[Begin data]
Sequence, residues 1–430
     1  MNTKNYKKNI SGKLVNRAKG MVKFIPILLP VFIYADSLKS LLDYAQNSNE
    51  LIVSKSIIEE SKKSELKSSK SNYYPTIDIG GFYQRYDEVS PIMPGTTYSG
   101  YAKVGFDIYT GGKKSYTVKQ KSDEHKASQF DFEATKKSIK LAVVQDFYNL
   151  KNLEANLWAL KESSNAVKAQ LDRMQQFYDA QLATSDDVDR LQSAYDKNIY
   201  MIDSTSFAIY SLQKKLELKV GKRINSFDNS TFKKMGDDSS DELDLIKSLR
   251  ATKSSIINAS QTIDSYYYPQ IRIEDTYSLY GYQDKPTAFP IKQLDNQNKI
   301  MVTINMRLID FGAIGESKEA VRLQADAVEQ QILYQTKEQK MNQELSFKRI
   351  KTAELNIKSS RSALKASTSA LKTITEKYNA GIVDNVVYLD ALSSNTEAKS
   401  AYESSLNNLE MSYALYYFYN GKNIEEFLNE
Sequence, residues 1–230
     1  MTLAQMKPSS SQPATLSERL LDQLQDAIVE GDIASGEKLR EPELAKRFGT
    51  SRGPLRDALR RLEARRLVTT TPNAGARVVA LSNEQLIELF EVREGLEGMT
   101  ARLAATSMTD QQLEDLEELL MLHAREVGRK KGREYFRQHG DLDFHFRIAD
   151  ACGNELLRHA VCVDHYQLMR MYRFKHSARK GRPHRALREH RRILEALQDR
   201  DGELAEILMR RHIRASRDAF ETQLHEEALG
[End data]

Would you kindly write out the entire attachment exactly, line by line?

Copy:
Sequence, residues 1–430
     1  MNTKNYKKNI SGKLVNRAKG MVKFIPILLP VFIYADSLKS LLDYAQNSNE
    51  LIVSKSIIEE SKKSELKSSK SNYYPTIDIG GFYQRYDEVS PIMPGTTYSG
   101  YAKVGFDIYT GGKKSYTVKQ KSDEHKASQF DFEATKKSIK LAVVQDFYNL
   151  KNLEANLWAL KESSNAVKAQ LDRMQQFYDA QLATSDDVDR LQSAYDKNIY
   201  MIDSTSFAIY SLQKKLELKV GKRINSFDNS TFKKMGDDSS DELDLIKSLR
   251  ATKSSIINAS QTIDSYYYPQ IRIEDTYSLY GYQDKPTAFP IKQLDNQNKI
   301  MVTINMRLID FGAIGESKEA VRLQADAVEQ QILYQTKEQK MNQELSFKRI
   351  KTAELNIKSS RSALKASTSA LKTITEKYNA GIVDNVVYLD ALSSNTEAKS
   401  AYESSLNNLE MSYALYYFYN GKNIEEFLNE
Sequence, residues 1–230
     1  MTLAQMKPSS SQPATLSERL LDQLQDAIVE GDIASGEKLR EPELAKRFGT
    51  SRGPLRDALR RLEARRLVTT TPNAGARVVA LSNEQLIELF EVREGLEGMT
   101  ARLAATSMTD QQLEDLEELL MLHAREVGRK KGREYFRQHG DLDFHFRIAD
   151  ACGNELLRHA VCVDHYQLMR MYRFKHSARK GRPHRALREH RRILEALQDR
   201  DGELAEILMR RHIRASRDAF ETQLHEEALG